Ultraman Tiga

The year was 1998. I was 4 years old, and was meeting a family friend who worked in Japan as he passed through the area. He was a gregarious man, if one with a taste for too much aftershave. I remember the smile he gave me as he pulled out the small, wrapped gift, kept safe in his bag.

“I heard you’re a fan of Superman, EJ,” he said. Of course, he was right, Superman: The Animated Series had been on TV for two years at that point, and even at my young age, I was utterly enamored with the character. “Well, this is a hero from Japan, who I grew up with. I think you’ll like him a lot, too.” I tore open the wrapping to find a VHS tape. I was confused, but still excited, and thanked him before running to the TV. My parents, of course, didn’t approve; we had a guest, after all! But the man laughed it off. He’d gotten me the tape as a gift, so what was wrong with me using it?

My parents acquiesced and played the tape, and it started unexpectedly—with a choir of children excitedly shouting a name.

“Ultraman Tiga!”

I was transfixed. From the first notes of the bombastic theme song, to the psychedelic visuals—I was fascinated by the silver man flying and jumping around, by the massive ziggurat rising from the sea, and futuristic spaceships, none of which I realized were props. I was glued to the screen. The first episode on the tape was a strange choice, honestly: Episode 5, “The Day the Monster Came Out,” featuring the undead Sealizar.

Kaiju Sealizar

The creature was disgusting, repulsive, a walking monster corpse, closer to a beached whale than Godzilla. And yet, I didn’t turn away. I wanted to see how the monster would be stopped. I couldn’t understand what was being said, as I didn’t speak a single word of Japanese. I didn’t need to. The threat was clear, and as GUTS (I could at least figure out the team name, thanks to their excellent uniform branding) tried and failed to stop the creature’s lumbering path towards some kind of power plant, the stakes only continued to rise.

And then, he arrived.

The young man, one of the pilots, raised a golden wand, and in a swirl of light became the hero from the opening titles, Ultraman Tiga! As he prevented his teammate’s plane from being dragged down by the monster, I realized— Ultraman was HUGE. He was the same size as the monster! He was as big as the Megazord was! But he could MOVE. Ultraman was agile, and he was a brawler, getting in and assaulting the horrid creature with kicks and chops. However, the fight wasn’t easy, and after a while, the blue light on Ultraman’s chest started to flash red. I was confused. Was something wrong? Our family friend sat down next to me and pointed at the screen.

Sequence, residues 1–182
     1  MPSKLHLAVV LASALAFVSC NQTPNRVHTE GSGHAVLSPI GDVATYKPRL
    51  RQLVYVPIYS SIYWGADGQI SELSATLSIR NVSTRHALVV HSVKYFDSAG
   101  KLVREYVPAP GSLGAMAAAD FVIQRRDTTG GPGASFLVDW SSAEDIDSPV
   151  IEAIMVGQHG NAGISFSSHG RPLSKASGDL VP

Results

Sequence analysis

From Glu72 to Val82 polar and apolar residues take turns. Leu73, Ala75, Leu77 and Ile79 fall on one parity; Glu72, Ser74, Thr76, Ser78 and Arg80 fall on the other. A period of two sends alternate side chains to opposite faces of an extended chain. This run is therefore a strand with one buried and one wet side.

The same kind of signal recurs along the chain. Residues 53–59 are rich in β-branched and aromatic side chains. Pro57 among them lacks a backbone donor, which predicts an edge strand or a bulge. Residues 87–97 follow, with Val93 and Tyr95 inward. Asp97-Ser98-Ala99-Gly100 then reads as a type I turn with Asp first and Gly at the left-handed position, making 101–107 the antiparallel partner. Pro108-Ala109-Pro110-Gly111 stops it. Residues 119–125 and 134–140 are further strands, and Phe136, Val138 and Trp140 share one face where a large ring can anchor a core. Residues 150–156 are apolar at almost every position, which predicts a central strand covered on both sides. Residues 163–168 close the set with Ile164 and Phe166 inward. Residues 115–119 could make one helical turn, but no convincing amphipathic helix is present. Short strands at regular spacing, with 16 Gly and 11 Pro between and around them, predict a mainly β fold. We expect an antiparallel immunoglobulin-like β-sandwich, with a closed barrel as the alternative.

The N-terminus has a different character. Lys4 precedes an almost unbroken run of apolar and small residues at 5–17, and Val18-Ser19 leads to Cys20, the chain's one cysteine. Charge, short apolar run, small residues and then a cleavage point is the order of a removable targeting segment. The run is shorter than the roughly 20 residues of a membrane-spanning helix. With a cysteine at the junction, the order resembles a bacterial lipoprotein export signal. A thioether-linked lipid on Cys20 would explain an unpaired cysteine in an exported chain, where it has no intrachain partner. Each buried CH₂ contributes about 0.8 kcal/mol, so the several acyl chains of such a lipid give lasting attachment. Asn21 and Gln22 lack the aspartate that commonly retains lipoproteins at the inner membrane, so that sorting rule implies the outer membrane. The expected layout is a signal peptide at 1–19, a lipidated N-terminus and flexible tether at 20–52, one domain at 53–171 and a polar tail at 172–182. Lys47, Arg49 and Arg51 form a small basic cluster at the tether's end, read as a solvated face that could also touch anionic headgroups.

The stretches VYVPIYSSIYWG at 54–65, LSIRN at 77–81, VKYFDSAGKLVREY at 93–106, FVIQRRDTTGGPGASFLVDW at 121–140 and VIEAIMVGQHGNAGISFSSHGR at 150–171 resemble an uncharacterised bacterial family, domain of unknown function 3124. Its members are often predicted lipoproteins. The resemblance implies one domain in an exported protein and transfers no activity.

“Ultraman can only fight for three minutes,” he said, “And the red flashing light means that he only has one minute left. If that light goes dark, Ultraman will never rise again.” Now I was really invested. I didn’t want Ultraman to be defeated! I cheered for Ultraman, praying for him to win against the disgusting scourge. A moment later, my prayers were answered—Ultraman gathered power, glowing with bright light, before firing an energy beam from his forearm! Initially, it was just absorbed into the monster’s chest.

A second passed.

Then another.

And then, the monster stopped, making vile gurgling noises, before EXPLODING into tiny pieces! I jumped into the air—he’d done it! Ultraman looked up to the sky and flew off into the setting sun.

I was hooked. There were four episodes on that cassette and I watched them all again and again, until the tape eventually wore out a year or so later. I of course didn’t forget the show I was so addicted to, but we didn’t have the internet for me to find out more about it, so I had to let it go…

Fast forward four years. I was watching channel 5 early in the morning one Saturday before my parents were awake. I turn on the TV, and was greeted with a sight that stunned me.

Ultraman Tiga was on the screen, running and jumping to a rocking English language theme song. I screamed in surprise, and a few moments later my mother came running in, terrified I had hurt myself. I simply pointed at the screen. “It’s Ultraman!”

Even more surprisingly, it turned out to be the very same episode I had started with, featuring Sealizar. However, something was…different. There were scenes missing, and though I had never understood what was being said, the personalities of the characters felt different, somehow. It was still Ultraman, but it wasn’t quite the story I had watched so many times as a child. I wanted proper Ultraman. By this time, I had access to the internet, and began to study and learn, discovering new shows like Ultraman Dyna and Ultraman Gaia, and classic series like Ultra Q, Ultraseven, and of course, Ultraman. And I never stopped.

That’s what brings me here today. My name is EJ, and it’s an honor to be taking over editor-in-chief duties for Ultraman Galaxy from my boss, Steele Filipek. I couldn’t be more excited to get a chance to start sharing the knowledge that I grew up learning and enjoying with all of you, and hopefully helping to kickstart a whole new generation of fans with coverage of great stories like Ultraman Z and Ultra Galaxy Fight: The Absolute Conspiracy. These are Ultraman stories presented in just the way I wished for as a child, available to everyone in the here and now. Let’s explore the Land of Light together, and see what we find.

EJ Couloucoundis

Editor-in-Chief

UltramanGalaxy.com